There are two types of game sequels. One is the type where the game is improved in every aspect, and the other is the search for more money. In the case of Darksiders II, within five minutes of playing the game, you can feel the improved controls, the epic feel of the music, and even the quality of the story.
Action / Adventure
For those of you who read through my review of the original Darksiders, you know that the apocalypse came early, and War, horseman of the apocalypse, has been framed for it. Darksiders II has decided to, oh, explain anything about the strange little mythology the writers have developed.
In this version, the Horsemen of the Apocalypse are the last of the nephilim, since “the Four” turned on their fellow nephilim and wiped them out in order to keep them from causing havoc. Don’t worry if you’re confused, it’s going to get stranger.
When the game opens, War has been framed for the apocalypse, and Death is going to “clear” War by restoring humanity. How is Death going to do that? Great question, but he’s going to try to find out.
Darksiders II has a standard hack-and-slash mechanics vaguely reminiscent of Devil May Cry, but Death’s Scythes and attacks are customizable, making it somewhat interesting. Over the course of the game, Death also has the option to ride his horse Despair (yes, it is a pale horse), fire guns on horseback like an old west chase scene (it looks goofy, but works anyway), and swim like a fish.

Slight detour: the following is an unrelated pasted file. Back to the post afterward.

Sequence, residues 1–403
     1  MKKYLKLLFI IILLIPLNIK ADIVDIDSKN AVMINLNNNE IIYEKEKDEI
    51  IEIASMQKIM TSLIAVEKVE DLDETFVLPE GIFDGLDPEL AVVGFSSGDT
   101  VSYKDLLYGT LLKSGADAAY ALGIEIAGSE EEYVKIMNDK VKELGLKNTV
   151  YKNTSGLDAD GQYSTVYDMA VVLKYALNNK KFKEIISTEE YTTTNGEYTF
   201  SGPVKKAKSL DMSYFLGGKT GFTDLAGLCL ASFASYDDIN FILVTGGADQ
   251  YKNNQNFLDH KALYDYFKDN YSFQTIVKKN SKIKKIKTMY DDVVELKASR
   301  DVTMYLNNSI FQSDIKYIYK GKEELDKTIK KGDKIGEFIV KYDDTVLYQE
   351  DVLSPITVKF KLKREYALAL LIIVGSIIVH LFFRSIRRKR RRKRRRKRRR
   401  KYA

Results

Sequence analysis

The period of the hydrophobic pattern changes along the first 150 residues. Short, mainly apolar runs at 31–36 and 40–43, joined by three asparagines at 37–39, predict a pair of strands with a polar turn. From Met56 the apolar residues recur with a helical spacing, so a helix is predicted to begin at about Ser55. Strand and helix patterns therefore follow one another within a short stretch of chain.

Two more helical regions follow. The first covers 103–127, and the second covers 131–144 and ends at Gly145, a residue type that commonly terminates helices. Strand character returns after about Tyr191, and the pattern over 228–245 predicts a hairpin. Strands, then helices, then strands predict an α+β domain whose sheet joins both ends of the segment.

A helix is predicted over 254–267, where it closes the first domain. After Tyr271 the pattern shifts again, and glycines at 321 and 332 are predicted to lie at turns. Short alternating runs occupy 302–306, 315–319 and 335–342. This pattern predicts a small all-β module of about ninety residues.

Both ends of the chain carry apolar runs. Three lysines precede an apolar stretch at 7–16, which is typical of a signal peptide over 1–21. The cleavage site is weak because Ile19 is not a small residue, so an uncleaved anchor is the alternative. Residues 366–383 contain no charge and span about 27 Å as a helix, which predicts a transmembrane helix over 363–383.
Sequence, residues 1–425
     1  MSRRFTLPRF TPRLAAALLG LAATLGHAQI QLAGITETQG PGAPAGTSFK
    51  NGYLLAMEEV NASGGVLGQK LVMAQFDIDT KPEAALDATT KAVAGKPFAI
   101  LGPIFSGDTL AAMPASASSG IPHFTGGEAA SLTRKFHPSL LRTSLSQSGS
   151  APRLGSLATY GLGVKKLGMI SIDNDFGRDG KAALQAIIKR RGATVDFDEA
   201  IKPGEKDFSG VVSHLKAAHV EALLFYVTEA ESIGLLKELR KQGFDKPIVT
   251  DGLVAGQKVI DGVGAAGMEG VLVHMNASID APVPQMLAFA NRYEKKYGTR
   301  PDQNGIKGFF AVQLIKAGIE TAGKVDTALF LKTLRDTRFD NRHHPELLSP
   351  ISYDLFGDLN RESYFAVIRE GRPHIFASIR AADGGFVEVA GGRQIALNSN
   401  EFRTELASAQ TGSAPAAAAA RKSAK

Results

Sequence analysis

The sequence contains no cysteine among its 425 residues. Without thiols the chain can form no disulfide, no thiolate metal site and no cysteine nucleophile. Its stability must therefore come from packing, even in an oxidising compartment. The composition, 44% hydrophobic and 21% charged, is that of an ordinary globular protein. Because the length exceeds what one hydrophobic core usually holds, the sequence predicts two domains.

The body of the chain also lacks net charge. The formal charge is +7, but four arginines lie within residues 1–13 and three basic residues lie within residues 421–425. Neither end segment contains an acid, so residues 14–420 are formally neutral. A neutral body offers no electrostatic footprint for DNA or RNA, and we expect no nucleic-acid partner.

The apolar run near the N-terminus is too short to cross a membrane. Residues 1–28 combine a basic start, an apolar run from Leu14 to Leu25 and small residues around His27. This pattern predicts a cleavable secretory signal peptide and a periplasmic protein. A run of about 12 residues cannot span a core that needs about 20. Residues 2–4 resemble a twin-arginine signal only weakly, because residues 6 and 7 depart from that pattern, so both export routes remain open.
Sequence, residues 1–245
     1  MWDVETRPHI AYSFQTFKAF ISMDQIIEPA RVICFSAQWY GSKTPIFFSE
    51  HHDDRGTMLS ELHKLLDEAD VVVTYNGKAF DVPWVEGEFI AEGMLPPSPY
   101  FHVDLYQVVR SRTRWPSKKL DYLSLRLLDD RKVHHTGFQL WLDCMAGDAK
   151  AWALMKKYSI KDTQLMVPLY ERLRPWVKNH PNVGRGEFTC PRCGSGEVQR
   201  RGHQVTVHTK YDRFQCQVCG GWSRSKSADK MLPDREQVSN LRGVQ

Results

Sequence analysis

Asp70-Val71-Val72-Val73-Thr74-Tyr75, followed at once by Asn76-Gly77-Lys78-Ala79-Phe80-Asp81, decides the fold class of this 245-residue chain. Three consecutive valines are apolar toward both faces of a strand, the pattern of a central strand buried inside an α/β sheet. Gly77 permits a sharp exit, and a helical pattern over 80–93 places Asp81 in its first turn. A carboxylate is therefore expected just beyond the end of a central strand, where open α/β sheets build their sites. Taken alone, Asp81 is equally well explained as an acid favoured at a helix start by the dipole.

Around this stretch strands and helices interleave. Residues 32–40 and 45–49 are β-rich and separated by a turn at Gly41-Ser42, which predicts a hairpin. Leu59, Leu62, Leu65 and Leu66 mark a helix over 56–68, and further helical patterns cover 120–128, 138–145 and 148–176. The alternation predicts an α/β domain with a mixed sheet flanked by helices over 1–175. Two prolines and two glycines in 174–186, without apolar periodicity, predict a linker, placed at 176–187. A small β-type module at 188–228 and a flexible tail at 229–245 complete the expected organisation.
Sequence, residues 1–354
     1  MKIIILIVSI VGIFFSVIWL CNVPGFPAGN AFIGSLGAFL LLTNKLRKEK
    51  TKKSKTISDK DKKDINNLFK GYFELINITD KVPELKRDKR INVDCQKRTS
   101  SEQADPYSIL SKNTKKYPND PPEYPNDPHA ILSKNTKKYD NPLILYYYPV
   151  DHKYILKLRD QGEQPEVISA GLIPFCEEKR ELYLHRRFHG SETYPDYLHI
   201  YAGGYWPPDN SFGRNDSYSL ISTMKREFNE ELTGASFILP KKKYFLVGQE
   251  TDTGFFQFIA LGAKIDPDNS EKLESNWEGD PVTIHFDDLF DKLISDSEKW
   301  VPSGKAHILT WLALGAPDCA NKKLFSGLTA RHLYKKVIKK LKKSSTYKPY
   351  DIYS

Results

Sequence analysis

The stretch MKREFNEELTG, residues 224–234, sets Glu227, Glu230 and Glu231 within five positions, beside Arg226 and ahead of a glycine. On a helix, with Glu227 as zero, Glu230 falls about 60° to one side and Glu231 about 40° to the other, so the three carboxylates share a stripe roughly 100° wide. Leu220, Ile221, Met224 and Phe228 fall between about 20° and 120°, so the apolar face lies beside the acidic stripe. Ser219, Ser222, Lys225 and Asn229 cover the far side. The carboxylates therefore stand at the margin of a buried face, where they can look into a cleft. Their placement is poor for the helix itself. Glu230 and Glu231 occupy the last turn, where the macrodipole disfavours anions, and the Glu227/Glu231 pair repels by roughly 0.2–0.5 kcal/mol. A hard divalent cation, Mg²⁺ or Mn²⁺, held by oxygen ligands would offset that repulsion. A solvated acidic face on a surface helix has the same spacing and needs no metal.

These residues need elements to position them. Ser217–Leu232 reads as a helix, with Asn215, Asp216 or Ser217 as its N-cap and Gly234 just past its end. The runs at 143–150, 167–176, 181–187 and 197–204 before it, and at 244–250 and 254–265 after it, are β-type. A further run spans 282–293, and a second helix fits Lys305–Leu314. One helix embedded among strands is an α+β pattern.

Also, unlike the last game, Death is allowed to interact with other characters, have conversations, and basically treat it like a role-playing game. Some of the puzzle-solving sections are back, like from the first game, though the attempts to mimic platforming puzzles like Prince of Persia still come off as easy. There is no need for the players to have reflexes, precision, and only the barest of timing is required.
The graphics for the game are solid, and even artistic at times. Unlike War, who was so covered in armor I wondered if he was a robot, Death looks and moves like a living breathing organism.
The music is very well done, appropriate to the game, though I’m not sure I’d buy the soundtrack.
It’s your standard fantasy fare. However, the theology/mythology of it is just so…
While this game is superior to the original Darksiders, there are several major issues with it. The mythology, for one, is off-putting and incomplete. The story is convoluted, and while that isn’t a problem with most video games, this one also comes with the sin of sequel baiting — they don’t really end the story, but all but tell you “there’s more here, and here’s a teaser for it.” An example would be the end of The Empire Strikes Back. I’ll recommend playing this over the original, but for gameplay purposes only. The ending undercut all of my original excitement over the sequel. If you must play a Darksiders game, play this one. Otherwise, I’d suggest getting a used copy of Elder Scrolls IV: Oblivion (my review here).
Copyright 2014 John Konecsni